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Emotional States and Health. Mind and Body. Can the body affect the mind? Example? How about the mind affecting the body? Example? Two-way communication between mind and body. Psychosomatic Medicine . Psyche (mind) Soma (body) Butterflies in the stomach Anxious before giving speech

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mind and body
Mind and Body
  • Can the body affect the mind?
  • Example?
  • How about the mind affecting the body?
  • Example?
  • Two-way communication between mind and body
psychosomatic medicine
Psychosomatic Medicine
  • Psyche (mind)
  • Soma (body)
  • Butterflies in the stomach
  • Anxious before giving speech
  • Indigestion, nausea
  • Stress may contribute to getting an ulcer.
reducing the effects of stress
Reducing the effects of stress
  • Stress is less harmful if
  • Have some control (even if just belief).
  • Predictable (“going to feel a little pinch”).
  • Know the duration.
  • Coping mechanism.
  • Some way to relieve stress.
  • Positive attitude.
  • Active participant in process.
relieve stress
Relieve stress
  • Meditation
  • Listening to soothing music
  • Taking a quiet walk
  • Reduce stress
  • Eliminate butterflies
affects on long term health
Affects on long-term health
  • Attitude towards illness can affect healing.
  • Thought, beliefs and emotions have major impact on physical health.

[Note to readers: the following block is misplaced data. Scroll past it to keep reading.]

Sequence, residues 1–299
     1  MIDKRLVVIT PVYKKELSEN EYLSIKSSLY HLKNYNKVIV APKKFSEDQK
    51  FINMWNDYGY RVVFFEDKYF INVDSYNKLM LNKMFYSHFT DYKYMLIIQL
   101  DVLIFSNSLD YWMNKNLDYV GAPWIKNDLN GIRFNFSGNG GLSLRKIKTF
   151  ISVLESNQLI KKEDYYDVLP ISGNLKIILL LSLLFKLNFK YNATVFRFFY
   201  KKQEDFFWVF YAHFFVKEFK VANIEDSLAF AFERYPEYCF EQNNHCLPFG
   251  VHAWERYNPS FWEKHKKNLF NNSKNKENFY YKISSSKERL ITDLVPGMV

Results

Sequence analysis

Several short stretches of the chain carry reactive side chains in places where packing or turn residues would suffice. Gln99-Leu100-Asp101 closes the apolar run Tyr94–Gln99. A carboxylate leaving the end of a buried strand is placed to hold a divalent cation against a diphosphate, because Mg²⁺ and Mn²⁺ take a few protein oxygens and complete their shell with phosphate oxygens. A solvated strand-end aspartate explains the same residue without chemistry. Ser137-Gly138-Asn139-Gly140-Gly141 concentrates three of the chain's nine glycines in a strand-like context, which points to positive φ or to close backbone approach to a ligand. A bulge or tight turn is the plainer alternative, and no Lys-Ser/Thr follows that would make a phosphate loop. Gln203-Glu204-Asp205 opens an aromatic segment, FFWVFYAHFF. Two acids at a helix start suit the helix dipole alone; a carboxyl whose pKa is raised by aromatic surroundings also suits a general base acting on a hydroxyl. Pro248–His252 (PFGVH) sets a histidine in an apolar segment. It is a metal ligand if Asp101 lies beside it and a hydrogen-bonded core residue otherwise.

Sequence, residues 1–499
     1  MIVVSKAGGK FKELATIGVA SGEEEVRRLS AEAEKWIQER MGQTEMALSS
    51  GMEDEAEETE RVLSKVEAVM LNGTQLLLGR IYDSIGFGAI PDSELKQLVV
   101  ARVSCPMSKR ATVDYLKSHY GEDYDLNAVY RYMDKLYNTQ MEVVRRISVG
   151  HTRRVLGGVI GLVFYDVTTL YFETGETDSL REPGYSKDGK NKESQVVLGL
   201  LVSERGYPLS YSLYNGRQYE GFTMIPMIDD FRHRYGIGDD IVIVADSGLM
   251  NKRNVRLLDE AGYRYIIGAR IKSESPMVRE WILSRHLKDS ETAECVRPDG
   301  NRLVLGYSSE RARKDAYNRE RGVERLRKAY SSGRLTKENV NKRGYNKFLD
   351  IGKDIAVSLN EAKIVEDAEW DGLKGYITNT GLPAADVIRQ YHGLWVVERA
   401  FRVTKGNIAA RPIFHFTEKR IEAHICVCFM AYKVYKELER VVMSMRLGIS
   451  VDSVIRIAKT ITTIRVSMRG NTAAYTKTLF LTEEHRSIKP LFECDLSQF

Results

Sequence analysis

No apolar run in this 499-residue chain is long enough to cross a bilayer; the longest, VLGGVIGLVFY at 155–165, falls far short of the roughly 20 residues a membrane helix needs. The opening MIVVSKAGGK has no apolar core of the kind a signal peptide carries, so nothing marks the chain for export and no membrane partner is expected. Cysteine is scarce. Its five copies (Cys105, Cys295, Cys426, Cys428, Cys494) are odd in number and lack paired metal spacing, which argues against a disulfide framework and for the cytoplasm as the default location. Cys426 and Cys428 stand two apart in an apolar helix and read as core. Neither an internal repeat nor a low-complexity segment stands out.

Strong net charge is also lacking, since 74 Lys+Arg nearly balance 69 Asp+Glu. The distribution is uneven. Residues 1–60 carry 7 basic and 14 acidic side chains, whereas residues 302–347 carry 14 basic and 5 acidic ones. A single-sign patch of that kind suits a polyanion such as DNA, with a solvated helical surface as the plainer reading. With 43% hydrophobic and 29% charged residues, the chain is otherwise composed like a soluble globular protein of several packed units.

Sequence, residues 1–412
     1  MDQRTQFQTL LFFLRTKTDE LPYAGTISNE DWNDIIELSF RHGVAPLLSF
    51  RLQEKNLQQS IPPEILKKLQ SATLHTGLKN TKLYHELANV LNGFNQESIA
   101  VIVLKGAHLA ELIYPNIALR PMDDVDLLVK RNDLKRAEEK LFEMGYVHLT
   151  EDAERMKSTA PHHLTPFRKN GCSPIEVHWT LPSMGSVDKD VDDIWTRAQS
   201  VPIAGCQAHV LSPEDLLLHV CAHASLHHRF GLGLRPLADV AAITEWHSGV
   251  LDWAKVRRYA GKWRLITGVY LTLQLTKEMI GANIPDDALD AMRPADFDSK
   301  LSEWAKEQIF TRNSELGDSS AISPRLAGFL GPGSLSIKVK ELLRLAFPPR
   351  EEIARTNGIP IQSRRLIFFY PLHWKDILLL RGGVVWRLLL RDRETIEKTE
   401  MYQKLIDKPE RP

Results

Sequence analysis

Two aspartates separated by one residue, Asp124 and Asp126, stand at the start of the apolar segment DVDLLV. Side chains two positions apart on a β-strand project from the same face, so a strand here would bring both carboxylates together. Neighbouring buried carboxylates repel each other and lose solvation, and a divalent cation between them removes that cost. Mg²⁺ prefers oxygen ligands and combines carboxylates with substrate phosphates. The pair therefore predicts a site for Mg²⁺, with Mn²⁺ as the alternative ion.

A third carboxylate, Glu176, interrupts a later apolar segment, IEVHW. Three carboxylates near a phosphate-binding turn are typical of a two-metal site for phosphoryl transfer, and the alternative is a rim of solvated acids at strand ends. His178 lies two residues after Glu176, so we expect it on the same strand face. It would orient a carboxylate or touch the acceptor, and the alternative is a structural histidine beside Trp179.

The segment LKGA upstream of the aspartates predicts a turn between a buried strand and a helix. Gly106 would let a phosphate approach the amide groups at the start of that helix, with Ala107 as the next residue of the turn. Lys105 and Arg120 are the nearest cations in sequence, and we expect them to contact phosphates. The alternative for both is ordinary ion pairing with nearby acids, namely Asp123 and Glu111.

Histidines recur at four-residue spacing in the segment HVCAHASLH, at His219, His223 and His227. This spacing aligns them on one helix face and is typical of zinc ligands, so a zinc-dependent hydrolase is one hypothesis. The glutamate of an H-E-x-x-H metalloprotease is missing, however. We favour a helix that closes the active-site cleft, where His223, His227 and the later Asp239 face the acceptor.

• Link between mind and body is the immune system.
the immune system
The Immune System
  • Cells that protect the body against intruders such as viruses and bacteria.
  • Like a police force
    • Too weak and criminals (viruses etc.) run wild
        • Ex: Opportunistic diseases seen with HIV-AIDS
    • Too strong and it attacks law-abiding citizens:
      • The body’s own cells (Autoimmune disease)
        • Ex. Rheumatoid arthritis
what is emotion
What is Emotion?

Internal conscious states that we infer in ourselves and others.

  • Emotions are private experiences.
  • We use operational definitions because we cannot actually see feelings.
  • We infer observable behavior associated with emotion.
four components of emotion
Four components of Emotion

Significant life event

feeling component
Feeling component
  • Emotions are subjective feelings
  • Make us feel in a particular way.
  • Anger or joy.
  • Meaning and personal significance.
  • Vary in intensity and quality.
  • Rooted in mental processes (labeling).
bodily arousal
Bodily Arousal
  • Biological activation.
  • Autonomic and hormonal systems.
  • Prepare and activate adaptive coping behavior during emotion.
  • Body prepared for action.
  • Alert posture, clenched fists.
purposive component
Purposive component
  • Give emotion its goal-directed force.
  • Motivation to take action.
  • Cope with emotion-causing circumstances.
  • Why people benefit from emotions.
  • Social and evolutionary advantage.
social expressive component
Social-Expressive component
  • Emotion’s communicative aspect.
  • Postures, gestures, vocalizations, facial expressions make our emotions public.
  • Verbal and nonverbal communication.
  • Helps us interpret the situation.
  • How person reacts to event.
emotions read in the face
Emotions read in the face

The Japanese Female Facial Expression (JAFFE) Database

aspect of emotional intelligence
Aspect of Emotional Intelligence
  • Peter Salovey (Yale)
  • John Mayer (U of NH)